Wednesday, December 09, 2009

Interview with a suicide bomber (on Pakistani TV)

A fascinating and illuminating interview with a Taliban-trained suicide bomber on Pakistani TV. What makes it especially chilling is that this intended suicide bomber is not simply a homicidal nut. He comes across as a serious, dedicated fanatic, committed to a coherent theocratic world-view whose implications he has thought through and is willing to follow remorselessly to the end. In a way for which there are plenty of historical parallels, there is a bizarre but recognizable purity of purpose at work here.

At one point the interviewer tries to reason with him by noting that "In suicide bombing, innocent Muslims and even those who hate America are killed." The suicide bomber cogently responds: "No. Those who are not [actively] taking part in jihad are not innocent." Interviewer: "Is there no one [innocent] in the entire Pakistan?" Suicide bomber: "No. We have no repentance, no sorrow for killing."

Later, the interviewer tries again: "Sometimes [suicide bombing] takes place in mosques and even young children are killed...." The suicide bomber breaks in and shoots back: "Why do you consider these children innocent?"

For the rest of his rationale, listen to the interview. Andrew Sullivan, who flagged this, correctly described it as a case of "Interviewing Evil".

Andrew Sullivan got this video clip from Adil Najam of All Things Pakistan. When he posted it, Adil Najam asked a question that will sound eerily, or ironically, familiar: "Why do they hate us so?"
Once again, Pakistanis stare into the darkness of nothingness, looking for answers. There are few words of sympathy from those who claim to be our friends. There are only sneers and jeers from those who are our enemies.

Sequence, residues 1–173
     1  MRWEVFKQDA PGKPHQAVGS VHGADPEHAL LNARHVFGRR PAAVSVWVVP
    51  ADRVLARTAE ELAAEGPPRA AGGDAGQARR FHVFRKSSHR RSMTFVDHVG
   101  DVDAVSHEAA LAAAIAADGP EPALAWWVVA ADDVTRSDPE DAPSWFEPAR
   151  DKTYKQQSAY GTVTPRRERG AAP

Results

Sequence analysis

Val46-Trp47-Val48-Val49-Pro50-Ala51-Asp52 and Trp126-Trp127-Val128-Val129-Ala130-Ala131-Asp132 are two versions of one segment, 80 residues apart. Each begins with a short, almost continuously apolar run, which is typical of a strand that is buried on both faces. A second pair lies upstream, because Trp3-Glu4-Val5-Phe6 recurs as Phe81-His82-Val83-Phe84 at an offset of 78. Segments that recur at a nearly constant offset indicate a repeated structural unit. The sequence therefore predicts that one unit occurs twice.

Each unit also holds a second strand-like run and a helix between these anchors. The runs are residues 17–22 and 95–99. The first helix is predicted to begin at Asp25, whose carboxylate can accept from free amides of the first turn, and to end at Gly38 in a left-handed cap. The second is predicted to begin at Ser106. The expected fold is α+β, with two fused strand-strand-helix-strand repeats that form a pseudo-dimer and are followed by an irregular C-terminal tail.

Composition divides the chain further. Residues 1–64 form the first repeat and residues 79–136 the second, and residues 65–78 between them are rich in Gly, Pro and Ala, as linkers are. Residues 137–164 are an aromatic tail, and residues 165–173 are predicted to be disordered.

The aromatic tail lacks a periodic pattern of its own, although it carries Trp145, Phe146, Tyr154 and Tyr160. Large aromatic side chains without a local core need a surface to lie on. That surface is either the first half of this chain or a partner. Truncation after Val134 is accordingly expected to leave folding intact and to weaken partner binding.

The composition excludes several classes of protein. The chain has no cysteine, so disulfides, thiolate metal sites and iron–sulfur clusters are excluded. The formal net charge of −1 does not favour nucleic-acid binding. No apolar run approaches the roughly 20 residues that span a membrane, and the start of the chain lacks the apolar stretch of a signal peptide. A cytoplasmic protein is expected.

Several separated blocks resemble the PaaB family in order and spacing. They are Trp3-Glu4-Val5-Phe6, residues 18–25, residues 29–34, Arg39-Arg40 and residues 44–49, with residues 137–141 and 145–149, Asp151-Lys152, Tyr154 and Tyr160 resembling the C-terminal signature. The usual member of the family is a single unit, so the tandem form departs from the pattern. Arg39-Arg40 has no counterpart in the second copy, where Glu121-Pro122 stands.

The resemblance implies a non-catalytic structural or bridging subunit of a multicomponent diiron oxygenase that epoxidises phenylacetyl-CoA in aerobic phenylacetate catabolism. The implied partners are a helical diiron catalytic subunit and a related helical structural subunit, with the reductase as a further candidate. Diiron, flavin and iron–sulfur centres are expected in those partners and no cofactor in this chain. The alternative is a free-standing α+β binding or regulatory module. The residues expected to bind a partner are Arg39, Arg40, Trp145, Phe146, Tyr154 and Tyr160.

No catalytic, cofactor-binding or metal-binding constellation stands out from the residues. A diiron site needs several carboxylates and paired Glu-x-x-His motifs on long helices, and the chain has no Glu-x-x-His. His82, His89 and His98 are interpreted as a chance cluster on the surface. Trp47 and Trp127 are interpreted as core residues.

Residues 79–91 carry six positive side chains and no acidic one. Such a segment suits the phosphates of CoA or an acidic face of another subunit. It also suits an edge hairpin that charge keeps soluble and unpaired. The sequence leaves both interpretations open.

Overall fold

Why, one asks, why? Why do they hate us so?

In this video interview one would-be suicide bomber speaks up. It is harrowing. Listen, if you will, to the voice of hatred. Listen, if you can, to what Pakistan’s enemy sounds like.
=> The fact that increasing numbers of middle-class Pakistanis seem to be starting to realize that murderous fanatics like this one are their enemy, and not just India's enemy or America's enemy, may be a step in the right direction.

But one has to put that in very tentative terms. As Trudy Rubin and others have pointed out, even many of those Pakistanis who now condemn these terrorist fanatics and the murders they commit still believe that Al Qaeda, the Taliban, the suicide bombers, and the rest are somehow acting as hidden tools of the US, of the "Zionists," or of some other grand foreign conspiracy. They should listen carefully to this suicide bomber, as Adil Najam recommends.

--Jeff Weintraub